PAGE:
California's Bumpy (and Successful) Road to Authentic Rose
Despite our loathsome Southern California traffic and occasionally unbreatheable air, Long Beach is a great place to live. The pace here is a bit slower than the rest of LA County, and our microclimate is about as cushy is there is in the entire world. It's a diverse place now, despite its still lingering image as "Iowa-By-The-Sea." It's really a collection of communities, as different from one another as the people who inhabit them.
Long Beach has always been a little slow to go whole hog on food fads and gimicky wines, and its residents are notorious bargain hunters, even in the toniest of circles. It is not an uncommon sight to see cases of grocery store bulk wine loaded into the trunks of BMWs because it is good enough.
Because we all have to visit grocery stores, if not for our adult beverages, then for sustenance and paper towels. I've noticed more pink wine than ever stacked strategically throughout the store, particularly next to the vegetables. A lot of these newfound rosés come from California and have fun-sounding names, like PINK. And a lot of them are wines we'd never stock in The Wine Country because they don't do what good rosé should do.
From our company's founding at the end of 1995, I've been touting rosé wine as a wonderful complement to our Southern California lifestyle: outdoor, sunny and grill-worthy.
But not just any rosé would do. From my years distributing Kermit Lynch French imports, I learned that the kinds of rosés I wanted to drink had to have one driving character: they had to be refreshing.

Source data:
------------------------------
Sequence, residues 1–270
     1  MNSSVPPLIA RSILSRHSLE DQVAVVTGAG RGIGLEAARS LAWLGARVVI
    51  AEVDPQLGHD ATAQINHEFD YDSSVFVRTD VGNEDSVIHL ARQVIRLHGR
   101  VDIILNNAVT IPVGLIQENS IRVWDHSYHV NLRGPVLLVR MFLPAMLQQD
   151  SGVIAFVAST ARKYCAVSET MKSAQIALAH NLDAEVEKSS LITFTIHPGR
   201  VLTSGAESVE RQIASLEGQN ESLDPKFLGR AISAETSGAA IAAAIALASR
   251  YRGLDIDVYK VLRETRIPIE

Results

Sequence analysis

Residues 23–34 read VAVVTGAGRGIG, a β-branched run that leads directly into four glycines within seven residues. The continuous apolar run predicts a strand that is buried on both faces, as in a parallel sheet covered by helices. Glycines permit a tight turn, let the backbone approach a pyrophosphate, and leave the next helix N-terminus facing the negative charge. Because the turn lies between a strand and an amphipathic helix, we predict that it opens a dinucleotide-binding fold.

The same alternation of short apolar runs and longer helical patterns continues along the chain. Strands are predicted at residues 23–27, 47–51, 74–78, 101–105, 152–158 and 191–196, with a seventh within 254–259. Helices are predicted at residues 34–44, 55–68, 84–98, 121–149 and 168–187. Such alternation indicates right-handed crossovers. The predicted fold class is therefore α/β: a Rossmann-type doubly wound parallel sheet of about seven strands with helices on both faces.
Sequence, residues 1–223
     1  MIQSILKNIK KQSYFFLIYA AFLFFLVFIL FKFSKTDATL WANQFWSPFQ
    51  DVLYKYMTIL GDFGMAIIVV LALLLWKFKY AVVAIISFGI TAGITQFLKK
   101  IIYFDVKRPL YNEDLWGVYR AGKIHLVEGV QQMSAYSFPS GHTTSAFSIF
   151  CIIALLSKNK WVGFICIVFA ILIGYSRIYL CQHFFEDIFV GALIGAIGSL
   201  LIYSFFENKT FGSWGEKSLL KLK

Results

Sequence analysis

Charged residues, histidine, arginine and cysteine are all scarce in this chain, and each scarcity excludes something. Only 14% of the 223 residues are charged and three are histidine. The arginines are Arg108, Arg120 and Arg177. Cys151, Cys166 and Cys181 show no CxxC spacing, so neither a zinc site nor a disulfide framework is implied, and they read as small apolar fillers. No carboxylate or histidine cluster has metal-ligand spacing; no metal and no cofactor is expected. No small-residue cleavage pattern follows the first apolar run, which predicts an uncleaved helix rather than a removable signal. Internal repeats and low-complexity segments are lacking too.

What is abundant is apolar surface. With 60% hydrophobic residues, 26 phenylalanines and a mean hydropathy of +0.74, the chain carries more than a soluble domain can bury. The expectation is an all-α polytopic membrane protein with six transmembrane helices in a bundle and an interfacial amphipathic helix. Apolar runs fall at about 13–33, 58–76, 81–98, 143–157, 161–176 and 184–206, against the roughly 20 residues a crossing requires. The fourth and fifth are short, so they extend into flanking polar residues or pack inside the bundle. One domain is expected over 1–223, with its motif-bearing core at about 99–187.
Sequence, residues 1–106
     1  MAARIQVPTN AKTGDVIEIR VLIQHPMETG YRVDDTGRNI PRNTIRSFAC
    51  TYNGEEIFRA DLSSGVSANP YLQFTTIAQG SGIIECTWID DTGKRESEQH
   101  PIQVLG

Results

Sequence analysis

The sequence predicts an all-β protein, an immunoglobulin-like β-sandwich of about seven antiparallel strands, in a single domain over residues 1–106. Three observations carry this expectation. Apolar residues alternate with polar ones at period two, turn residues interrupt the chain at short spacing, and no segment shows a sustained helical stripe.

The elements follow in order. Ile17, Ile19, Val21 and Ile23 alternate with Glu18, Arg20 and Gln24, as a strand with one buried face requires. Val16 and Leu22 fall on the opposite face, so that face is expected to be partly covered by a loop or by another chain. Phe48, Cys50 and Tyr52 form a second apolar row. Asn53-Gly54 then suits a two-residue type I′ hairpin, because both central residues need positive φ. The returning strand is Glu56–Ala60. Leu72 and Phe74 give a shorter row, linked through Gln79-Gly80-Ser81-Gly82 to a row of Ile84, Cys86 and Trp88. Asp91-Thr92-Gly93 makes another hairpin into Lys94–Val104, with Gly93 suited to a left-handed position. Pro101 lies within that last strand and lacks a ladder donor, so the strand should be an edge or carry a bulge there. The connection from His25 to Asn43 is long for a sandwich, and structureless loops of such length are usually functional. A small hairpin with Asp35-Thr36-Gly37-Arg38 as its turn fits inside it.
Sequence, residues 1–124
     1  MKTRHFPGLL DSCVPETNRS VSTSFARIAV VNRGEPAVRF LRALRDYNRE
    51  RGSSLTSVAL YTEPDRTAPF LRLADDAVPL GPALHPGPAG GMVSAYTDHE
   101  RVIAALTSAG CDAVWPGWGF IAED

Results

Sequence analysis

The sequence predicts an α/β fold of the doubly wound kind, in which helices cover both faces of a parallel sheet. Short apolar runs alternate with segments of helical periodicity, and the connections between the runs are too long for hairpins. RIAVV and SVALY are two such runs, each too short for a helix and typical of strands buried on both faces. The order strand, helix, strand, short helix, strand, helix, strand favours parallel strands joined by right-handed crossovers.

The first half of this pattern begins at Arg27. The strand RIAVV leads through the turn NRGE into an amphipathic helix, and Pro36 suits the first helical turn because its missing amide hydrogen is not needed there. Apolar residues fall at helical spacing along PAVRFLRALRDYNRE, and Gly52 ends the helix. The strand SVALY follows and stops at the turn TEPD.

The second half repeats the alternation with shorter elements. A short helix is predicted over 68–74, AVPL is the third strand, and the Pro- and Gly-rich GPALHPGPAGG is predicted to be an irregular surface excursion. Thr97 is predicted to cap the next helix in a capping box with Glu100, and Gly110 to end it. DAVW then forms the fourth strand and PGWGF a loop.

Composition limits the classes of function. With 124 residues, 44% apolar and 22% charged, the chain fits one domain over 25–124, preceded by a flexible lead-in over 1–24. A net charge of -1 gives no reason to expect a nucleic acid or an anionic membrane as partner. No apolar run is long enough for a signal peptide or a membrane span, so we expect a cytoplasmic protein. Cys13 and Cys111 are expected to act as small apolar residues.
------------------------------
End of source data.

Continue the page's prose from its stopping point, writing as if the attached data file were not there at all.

For the most part, it meant rosés had to be French, because the Provençale style did "fresh" the best.
The Wine Country takes pride in spearheading rosé awareness in southern California, long before it was fashionable. I take personal pride in knowing that we have changed the way Long Beach and the surrounding communities drink wine, particularly shining the light on wines like rosé that complement our outdoor lifestyle. Refreshing rosés were part of our opening set nearly a quarter century ago, and each year they became a bigger and bigger part of our business. We've learned who does rosé well, and we've curated those producers for years and years.
In the beginning, each of our buyers contributed rosés from around the world, some better than others, many that met my standards, but quite a few that simply fell short. We also noticed that nearly 90% of our rosé sales came from the south of France. The beacon for summer rosé, of course, is the Côte de Provence, so about a decade ago I asked Samantha Dugan, our French wine manager to be in charge of our entire rosé program, no matter if wines came from northern France, Germany, Spain or California. Knowing what works, and what doesn't, Samantha has fine-tuned our rosé program so that customers return again and again, confident that the pink wines in this store deliver what many other stores' rosés cannot.
California's Struggle with Bad Rosé